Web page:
- “The Bourbon mobster partying with the Saudi monarchy, among those who finance ISIS everything remains.” Hasél was referring to well-known relations between the Saudi and Spanish Bourbon monarchies, and between the House of Saud and Islamist terror group ISIS.
During the trial, Hasél did not condemn his songs and tweets, noting that “half the country thinks the same” about the monarchy. He said he sings about objective facts, widely reported in the media. He said that “in the end I will be the one made to pay” for the monarchy’s action—an observation that former King Juan Carlos seemed to confirm last year, when he fled Spain like a thief to avoid prosecution on corruption charges.
Hasél claimed he saw groups like GRAPO and the Basque separatist armed group ETA as “resistance” organizations. These groups are now defunct, in the case of GRAPO, since the 1980s. Hasél’s songs cannot be seriously presented as support for violent armed actions.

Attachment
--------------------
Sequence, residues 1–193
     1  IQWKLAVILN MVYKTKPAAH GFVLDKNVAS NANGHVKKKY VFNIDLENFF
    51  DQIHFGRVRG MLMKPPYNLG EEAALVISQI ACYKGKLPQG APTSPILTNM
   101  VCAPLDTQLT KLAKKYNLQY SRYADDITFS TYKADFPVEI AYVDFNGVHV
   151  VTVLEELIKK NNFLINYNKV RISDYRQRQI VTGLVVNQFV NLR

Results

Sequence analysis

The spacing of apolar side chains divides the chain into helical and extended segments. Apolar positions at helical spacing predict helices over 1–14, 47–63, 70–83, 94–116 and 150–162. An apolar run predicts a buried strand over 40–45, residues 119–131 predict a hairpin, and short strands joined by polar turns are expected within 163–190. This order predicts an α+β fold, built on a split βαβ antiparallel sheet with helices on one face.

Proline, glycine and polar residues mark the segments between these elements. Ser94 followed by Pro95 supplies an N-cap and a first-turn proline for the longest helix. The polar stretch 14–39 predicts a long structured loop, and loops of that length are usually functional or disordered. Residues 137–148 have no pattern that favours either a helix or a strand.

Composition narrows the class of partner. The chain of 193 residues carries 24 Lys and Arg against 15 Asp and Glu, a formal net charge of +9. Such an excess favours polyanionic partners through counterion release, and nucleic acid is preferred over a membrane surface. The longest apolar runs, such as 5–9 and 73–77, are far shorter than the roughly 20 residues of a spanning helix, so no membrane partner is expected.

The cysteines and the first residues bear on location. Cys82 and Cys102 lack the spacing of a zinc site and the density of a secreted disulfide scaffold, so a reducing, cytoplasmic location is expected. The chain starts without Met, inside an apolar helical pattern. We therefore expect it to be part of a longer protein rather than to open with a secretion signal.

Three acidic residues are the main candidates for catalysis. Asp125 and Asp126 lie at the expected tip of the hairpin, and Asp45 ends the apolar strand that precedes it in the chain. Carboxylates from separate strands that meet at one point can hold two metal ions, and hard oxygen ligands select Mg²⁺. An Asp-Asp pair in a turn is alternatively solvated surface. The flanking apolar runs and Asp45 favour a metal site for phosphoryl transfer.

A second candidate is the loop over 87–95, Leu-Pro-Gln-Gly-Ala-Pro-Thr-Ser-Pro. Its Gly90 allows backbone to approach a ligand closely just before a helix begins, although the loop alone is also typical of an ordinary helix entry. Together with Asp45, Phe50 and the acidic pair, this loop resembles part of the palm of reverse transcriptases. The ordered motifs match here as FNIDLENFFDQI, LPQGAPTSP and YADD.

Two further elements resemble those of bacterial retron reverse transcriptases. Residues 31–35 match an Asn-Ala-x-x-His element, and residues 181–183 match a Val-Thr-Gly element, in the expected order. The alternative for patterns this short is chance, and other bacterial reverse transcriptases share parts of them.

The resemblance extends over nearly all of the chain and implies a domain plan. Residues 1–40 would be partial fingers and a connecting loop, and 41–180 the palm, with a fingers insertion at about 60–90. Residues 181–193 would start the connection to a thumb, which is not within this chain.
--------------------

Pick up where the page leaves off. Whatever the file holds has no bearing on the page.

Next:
He concluded his defense, saying, “the limits of freedom of expression are always for us. It is the anti-fascists who are tried, persecuted and condemned. For those who want to sentence me to prison, the main problem is that I’m not a fascist, and I don’t want to throw bombs at Catalans, and seek the death of homosexuals and immigrants.”
In November 2020, the higher courts rejected his appeal and approved his conviction. On January 28, he received a judicial order to surrender within 10 days to face imprisonment. Hasél refused to surrender voluntarily, and his incarceration is imminent this week.
Currently he has been sentenced to a minimum of nine months in jail. But the courts are adding many new accusations that he could end up spending as much as 20 years behind bars.